Women are twice as likely as men to retire without a private pension
More of us now save for our old age but there is still a big gender gap
Women are still twice as likely as men to end their working lives with no private pension despite a decade of attempts to close the gap, a new study reveals.
Almost 1 in 5 women who retire this year will have no private pot — double the proportion of men, according to the report by Prudential, provided exclusively to Money.
The good news is that more of us — both men and women — are saving for later life, reflecting some success for drives by the government and employers to encourage people to save.
In 2008, 23% of people retiring had no private pension savings. This has dropped to just 14% in 2017.
However, the figures reveal the disparity between the sexes continues. For women the proportion is down from 32% to 19%; for men it has fallen from 17% to 9%.
Maike Currie, investment director for personal investing at Fidelity International, attributes the discrepancy in part to the fact that women, on average, still earn less than men.
“If you factor in that many women are still the primary caregivers, taking a career break to raise children or care for an ill or elderly relative, women inevitably end up with less money to save into a pension, leaving a glaring pension gap between the sexes,” said Currie.
Attitudes to pensions have changed over the decade, with new rules providing for greater flexibility in using retirement savings. Since April 2015, under “pension freedom” rules, people have been able to withdraw their pots from the age of 55 to spend or invest as they wish. Previously pension pots had to be used to buy annuities providing an income for life — often poor-value deals.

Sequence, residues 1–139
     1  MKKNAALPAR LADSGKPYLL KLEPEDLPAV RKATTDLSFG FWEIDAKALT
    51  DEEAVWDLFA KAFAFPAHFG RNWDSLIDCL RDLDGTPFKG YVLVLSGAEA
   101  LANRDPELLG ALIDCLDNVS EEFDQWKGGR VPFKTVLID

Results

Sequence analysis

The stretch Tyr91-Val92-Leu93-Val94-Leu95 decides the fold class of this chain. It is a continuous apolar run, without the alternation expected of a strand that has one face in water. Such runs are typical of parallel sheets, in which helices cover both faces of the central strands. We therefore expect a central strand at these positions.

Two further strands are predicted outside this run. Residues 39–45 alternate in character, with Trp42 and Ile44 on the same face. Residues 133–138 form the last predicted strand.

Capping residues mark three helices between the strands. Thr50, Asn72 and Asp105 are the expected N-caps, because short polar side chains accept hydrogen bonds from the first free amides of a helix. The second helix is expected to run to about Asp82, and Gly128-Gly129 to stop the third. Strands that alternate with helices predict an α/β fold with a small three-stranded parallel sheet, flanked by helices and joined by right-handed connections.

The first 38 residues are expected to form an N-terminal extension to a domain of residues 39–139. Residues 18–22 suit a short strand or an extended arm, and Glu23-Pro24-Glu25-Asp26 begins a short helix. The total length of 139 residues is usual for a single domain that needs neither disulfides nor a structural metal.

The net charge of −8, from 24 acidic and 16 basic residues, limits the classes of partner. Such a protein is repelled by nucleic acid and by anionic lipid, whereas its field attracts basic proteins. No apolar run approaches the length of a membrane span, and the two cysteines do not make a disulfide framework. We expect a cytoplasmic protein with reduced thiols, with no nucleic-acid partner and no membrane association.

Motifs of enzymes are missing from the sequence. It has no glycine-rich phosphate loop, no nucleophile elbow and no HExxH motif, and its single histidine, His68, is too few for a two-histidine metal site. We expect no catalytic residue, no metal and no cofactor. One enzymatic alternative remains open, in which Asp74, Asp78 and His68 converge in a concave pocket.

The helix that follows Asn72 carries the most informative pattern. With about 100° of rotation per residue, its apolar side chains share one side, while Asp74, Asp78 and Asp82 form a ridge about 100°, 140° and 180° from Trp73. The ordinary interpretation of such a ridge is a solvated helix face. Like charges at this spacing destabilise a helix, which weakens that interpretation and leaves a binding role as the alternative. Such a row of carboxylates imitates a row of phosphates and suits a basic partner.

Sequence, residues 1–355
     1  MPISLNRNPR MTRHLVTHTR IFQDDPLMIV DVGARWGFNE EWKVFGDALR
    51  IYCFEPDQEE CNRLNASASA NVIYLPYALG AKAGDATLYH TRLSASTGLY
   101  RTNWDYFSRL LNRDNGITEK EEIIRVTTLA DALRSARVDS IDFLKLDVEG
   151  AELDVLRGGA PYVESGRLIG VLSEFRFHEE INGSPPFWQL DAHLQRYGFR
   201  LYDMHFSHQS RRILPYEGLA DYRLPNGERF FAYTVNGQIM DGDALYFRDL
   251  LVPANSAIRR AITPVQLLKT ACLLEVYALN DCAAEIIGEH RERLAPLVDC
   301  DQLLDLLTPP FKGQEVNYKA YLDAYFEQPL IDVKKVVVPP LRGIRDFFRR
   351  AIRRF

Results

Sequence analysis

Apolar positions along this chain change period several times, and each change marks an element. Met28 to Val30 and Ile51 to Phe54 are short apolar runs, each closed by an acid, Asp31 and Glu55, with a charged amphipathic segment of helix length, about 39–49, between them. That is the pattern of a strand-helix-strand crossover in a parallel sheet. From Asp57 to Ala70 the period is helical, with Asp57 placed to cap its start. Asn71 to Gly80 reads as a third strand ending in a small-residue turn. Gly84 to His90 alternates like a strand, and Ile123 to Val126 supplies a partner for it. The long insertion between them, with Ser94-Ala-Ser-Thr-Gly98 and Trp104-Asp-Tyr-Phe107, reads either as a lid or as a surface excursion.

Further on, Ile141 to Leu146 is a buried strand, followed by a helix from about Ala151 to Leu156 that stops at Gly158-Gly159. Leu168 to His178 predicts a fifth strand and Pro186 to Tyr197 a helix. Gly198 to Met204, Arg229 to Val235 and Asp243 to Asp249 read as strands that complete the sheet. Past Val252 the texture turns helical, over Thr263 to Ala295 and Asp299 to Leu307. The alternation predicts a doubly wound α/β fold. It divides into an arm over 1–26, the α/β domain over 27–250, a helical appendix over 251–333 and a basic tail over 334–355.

But many, particularly women, still leave saving much later than they should.
Midori Abraham, 39, from Althorne, Essex, began saving into a pension only this March — despite working in financial services. She admits she has “a lot of catching up to do. It’s frightening to see how little you can end up with. If I had started saving in my twenties, putting aside even half what I am now would have made a huge difference.”
Say you invest £100 a month in a pension growing by 6% a year after charges. If you start aged 25, the fund will be worth £200,145 by the time you are 65, calculates the adviser Chase de Vere. Start a decade later and the fund will be worth £100,954.
More of us are also likely to save into pensions under the auto-enrolment scheme that requires employers to provide and pay into a pension for their staff, who are automatically signed up unless they opt out. The rollout began with big companies in 2012 and will include all employers by next February.
The scheme is open to workers from the age of 22 up to state pension age who earn at least £10,000 a year. About 8.5m workers have joined a workplace pension as a result of auto-enrolment, according to the Pensions Regulator.
While changing pension rules have improved the image of retirement savings since the 2007-8 financial crisis, there are concerns that some people are making poor decisions about their savings or becoming victims of fraud.
Last week, MPs launched a wide-ranging inquiry into the impact of pension freedoms. “It is vital that adequate support ensures people are equipped to ensure they don’t make decisions they subsequently regret,” said Frank Field, chairman of the work and pensions committee.